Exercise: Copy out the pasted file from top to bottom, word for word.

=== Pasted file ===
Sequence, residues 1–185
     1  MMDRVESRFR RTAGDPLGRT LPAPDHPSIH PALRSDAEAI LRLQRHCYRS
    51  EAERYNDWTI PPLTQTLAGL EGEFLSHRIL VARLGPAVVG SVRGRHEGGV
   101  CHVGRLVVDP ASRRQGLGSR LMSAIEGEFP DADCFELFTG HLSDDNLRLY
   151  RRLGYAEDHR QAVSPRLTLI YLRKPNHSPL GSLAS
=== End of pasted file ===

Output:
Sequence, residues 1–185
     1  MMDRVESRFR RTAGDPLGRT LPAPDHPSIH PALRSDAEAI LRLQRHCYRS
    51  EAERYNDWTI PPLTQTLAGL EGEFLSHRIL VARLGPAVVG SVRGRHEGGV
   101  CHVGRLVVDP ASRRQGLGSR LMSAIEGEFP DADCFELFTG HLSDDNLRLY
   151  RRLGYAEDHR QAVSPRLTLI YLRKPNHSPL GSLAS